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The Passive voice

How to make the Passive in English

An active sentence like I drank two cups of coffee has the subject first (the person or
thing that does the verb), followed by the verb, and finally the object (the person or thing
that the action happens to).
So, in this example, the subject is 'I', the verb is 'drank' and the object is 'two cups of

But, we don't always need to make sentences this way. We might want to put the object
first, or perhaps we don't want to say who did something. This can happen for lots of
reasons (see the explanation further down the page). In this case, we can use a passive,
which puts the object first:

Two cups of coffee were drunk (we can add 'by me' if we want, but it isn't necessary).

We make the passive by putting the verb 'to be' into whatever tense we need and then
adding the past participle. For regular verbs, we make the past participle by adding 'ed'
to the infinitive. So play becomes played.

Tense Active Passive

present I make a cake. A cake is made (by me).


present I am making a A cake is being made

continuous cake. (by me).

past simple I made a cake. A cake was made (by


past I was making a A cake was being

continuous cake. made(by me).

past perfect I had made a A cake had been

cake. made(by me).

future I will make a A cake will be made (by

simple cake. me).

Verbs with two objects

Some verbs that have two objects can make two different active sentences, and so two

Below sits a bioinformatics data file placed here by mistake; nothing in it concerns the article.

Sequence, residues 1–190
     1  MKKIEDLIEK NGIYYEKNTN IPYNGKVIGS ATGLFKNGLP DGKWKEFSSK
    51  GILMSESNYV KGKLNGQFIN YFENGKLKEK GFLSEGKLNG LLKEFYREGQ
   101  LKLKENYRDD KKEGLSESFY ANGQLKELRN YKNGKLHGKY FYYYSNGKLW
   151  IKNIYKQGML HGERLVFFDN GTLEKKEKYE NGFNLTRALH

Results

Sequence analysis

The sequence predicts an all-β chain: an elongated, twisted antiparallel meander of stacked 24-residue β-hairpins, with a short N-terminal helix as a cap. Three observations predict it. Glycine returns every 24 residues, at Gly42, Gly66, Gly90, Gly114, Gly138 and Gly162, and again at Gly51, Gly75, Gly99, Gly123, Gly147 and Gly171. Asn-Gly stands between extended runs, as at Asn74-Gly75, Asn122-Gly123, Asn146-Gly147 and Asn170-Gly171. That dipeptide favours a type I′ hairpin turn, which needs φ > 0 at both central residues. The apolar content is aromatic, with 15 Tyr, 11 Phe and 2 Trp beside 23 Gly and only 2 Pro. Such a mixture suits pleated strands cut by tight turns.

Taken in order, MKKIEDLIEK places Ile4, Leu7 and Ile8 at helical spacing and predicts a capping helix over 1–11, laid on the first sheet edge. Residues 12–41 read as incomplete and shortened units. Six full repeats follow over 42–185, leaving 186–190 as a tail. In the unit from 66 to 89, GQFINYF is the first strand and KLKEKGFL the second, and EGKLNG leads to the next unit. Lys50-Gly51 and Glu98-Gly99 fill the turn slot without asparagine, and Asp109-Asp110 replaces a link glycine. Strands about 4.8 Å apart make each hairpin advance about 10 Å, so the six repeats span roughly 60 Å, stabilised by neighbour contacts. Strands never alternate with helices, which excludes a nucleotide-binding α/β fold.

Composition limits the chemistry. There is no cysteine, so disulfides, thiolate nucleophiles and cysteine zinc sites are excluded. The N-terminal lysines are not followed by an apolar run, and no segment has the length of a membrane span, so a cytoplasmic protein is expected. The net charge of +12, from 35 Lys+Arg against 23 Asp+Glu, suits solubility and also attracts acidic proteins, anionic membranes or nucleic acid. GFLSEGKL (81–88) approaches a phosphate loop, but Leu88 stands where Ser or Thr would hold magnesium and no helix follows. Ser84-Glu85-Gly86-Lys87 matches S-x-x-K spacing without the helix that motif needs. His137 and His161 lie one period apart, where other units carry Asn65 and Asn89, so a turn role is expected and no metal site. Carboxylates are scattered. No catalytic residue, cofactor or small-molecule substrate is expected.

different passive sentences too:


Active: He gave me the book / He gave the book to me.

You can choose either of the two objects to be the subject of the passive sentence.

Passive: I was given the book (by him)/ The book was given to me (by him).

Other verbs like this are: ask, offer, teach, tell, lend, promise, sell, throw.

When should we use the Passive?

1. When we want to change the focus of the sentence:
The Mona Lisa was painted by Leonardo Da Vinci. (We are more interested
in the painting than the artist in this sentence)
2. When who or what causes the action is unknown or unimportant or obvious or
'people in general':
He was arrested (obvious agent, the police).
My bike has been stolen (unknown agent).
The road is being repaired (unimportant agent).
The form can be obtained from the post office (people in general).
3. In factual or scientific writing:
The chemical is placed in a test tube and the data entered into the

4. In formal writing instead of using someone/ people/ they (these can be used in
speaking or informal writing):
The brochure will be finished next month.
5. In order to put the new information at the end of the sentence to improve style:
Three books are used regularly in the class. The books were written by Dr.
Bell. ('Dr. Bell wrote the books' sound clumsy)
6. When the subject is very long:
I was surprised by how well the students did in the test. (More natural
than: 'how well the students did in the test surprised me')

Make sentences in the passive in the given tense !

1. BMWs make in Germany (PRESENT SIMPLE)

2. English speak in this shop (PRESENT SIMPLE)

3. The oldest house build in 1575 (PAST SIMPLE)

4. The bridge repair at the moment (PRESENT CONTINUOUS)

5. The trees cut down last winter (PAST SIMPLE)

6. The picture paint tomorrow (FUTURE SIMPLE)

7. When I came in the TV fix (PAST CONTINUOUS)

Change the sentences to passive voice.


1. Many people begin new projects in January

2. You must wash that shirt for tonights party.

3. Mum is going to prepare the food.

4. They make shoes in that factory.

5. We will have to examine you again.

6. They had finished preparations by the time the guests arrived.

7. The delegation will meet the visitors at the airport.